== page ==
The movie Contact was perhaps the best-envisioned scenario of what it might be like here on Earth if one day the messages we've pumped into space for decades came back with an intelligent answer. And while the rest of the film's plot veers into sci-fantasy territory, the story nevertheless highlights our ongoing fascination with finding out if anyone else is out there. A group now plans to attack the process of sending messages into space more aggressively by crowdsourcing the effort.
Led by Dr. Jacob Haqq-Misra, a research scientist at the Blue Marble Space Institute of Science, Lone Signal is an effort to collect short Twitter-style messages from people around the world and send them into space in hopes of feedback from intelligent life. The team will broadcast two signals, a continuous wave (CW) signal, containing general information about our planet and solar system, and a secondary signal embedded in the first which will contain messages from the people of Earth. The messages will be directed toward the star system known as Gliese 526, a system designated as an area of space containing potentially habitable exoplanets.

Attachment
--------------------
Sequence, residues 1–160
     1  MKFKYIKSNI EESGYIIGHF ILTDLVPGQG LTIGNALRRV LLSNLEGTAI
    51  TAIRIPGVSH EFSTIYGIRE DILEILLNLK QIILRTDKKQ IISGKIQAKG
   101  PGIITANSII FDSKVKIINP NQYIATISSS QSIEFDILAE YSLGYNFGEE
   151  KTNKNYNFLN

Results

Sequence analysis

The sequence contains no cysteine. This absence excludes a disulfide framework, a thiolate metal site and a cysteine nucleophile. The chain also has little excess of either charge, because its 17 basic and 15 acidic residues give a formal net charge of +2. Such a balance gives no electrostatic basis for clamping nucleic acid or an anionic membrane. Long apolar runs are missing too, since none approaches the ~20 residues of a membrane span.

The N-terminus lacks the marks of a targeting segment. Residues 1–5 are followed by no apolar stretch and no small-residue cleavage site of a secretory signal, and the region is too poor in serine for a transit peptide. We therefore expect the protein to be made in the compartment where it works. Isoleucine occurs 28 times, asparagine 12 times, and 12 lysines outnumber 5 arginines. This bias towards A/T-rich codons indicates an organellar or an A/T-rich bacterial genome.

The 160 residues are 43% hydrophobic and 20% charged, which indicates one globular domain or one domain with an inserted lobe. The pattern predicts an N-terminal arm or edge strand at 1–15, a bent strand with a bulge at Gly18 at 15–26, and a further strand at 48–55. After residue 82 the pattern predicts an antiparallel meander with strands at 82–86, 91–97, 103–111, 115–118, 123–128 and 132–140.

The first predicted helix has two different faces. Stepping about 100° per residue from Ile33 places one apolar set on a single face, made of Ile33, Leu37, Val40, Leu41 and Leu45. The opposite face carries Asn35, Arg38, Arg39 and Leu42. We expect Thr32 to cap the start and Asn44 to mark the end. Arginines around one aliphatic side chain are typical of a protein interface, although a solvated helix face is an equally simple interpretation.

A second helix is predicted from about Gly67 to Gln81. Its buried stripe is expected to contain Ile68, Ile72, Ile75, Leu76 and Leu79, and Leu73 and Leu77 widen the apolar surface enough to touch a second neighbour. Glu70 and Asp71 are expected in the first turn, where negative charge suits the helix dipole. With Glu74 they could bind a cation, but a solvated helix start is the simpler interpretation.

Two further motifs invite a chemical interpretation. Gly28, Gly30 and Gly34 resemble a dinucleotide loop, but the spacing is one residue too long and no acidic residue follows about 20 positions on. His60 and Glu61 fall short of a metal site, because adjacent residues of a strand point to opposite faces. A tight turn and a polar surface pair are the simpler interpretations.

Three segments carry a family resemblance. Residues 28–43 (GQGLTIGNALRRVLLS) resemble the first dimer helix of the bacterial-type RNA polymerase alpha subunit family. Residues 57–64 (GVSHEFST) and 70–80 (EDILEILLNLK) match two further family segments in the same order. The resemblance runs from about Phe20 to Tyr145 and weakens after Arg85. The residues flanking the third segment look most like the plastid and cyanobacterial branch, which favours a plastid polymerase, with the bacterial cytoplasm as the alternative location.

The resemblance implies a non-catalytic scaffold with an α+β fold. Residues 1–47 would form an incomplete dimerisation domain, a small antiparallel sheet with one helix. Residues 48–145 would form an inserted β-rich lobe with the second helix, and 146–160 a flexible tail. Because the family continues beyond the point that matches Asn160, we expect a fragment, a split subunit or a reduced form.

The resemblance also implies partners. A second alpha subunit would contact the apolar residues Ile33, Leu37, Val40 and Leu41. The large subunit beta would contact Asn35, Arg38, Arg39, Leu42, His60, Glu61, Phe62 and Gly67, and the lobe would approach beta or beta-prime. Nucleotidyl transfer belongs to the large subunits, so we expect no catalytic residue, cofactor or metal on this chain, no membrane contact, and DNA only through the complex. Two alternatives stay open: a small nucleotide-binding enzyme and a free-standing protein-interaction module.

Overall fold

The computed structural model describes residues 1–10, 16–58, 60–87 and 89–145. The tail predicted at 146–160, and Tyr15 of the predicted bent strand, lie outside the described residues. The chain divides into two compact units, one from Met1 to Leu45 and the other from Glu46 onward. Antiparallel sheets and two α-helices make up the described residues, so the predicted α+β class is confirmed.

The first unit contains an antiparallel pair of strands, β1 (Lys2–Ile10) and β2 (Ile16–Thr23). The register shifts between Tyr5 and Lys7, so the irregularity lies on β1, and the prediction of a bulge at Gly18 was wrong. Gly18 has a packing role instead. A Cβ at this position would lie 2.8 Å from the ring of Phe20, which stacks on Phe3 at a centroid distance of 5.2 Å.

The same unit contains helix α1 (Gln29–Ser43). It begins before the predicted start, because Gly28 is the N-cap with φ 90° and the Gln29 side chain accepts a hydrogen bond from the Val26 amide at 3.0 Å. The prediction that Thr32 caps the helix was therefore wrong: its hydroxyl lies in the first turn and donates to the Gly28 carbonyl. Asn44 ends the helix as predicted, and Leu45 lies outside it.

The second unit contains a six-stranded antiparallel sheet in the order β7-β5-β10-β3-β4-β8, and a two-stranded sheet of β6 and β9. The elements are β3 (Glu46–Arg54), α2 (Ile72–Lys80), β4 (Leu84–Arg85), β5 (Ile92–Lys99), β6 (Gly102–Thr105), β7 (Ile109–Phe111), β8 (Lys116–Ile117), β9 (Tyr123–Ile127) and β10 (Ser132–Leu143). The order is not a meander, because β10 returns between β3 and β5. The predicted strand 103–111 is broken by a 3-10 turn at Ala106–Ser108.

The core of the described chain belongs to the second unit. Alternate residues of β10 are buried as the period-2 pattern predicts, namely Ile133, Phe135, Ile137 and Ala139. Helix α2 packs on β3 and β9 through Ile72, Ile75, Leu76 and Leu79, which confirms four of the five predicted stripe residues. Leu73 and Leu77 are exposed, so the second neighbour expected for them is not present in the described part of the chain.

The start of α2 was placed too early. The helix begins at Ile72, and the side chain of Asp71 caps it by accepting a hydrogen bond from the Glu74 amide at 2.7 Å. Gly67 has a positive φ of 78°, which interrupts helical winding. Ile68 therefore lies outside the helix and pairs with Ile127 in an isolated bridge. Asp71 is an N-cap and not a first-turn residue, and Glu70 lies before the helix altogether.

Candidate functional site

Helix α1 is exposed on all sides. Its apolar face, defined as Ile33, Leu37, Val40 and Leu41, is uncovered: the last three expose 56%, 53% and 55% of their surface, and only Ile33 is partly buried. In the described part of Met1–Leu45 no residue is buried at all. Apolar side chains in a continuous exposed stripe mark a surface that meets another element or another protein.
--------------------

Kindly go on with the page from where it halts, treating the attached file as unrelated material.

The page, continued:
To broadcast the messages, the team plans to use the Jamesburg Earth Station in California, the very same facility that was used to transmit images of Neil Armstrong on the Moon back in the '60s. The company's website offers little in the way of details, but according to an interview with Space.com, the team plans to allow anyone to send one text message for free, with additional text-plus-photo transmissions priced at 99 cents.
Interestingly, rather than cater to the geek crowd, the effort seems to be geared toward the mainstream, based on the project's promotion clip which features a couple of familiar models and actors. You can see the Jamesburg Earth Station being tested out, a personal explanation of the project from Dr. Haqq-Misra, and the Lone Signal promotion clip in the videos below.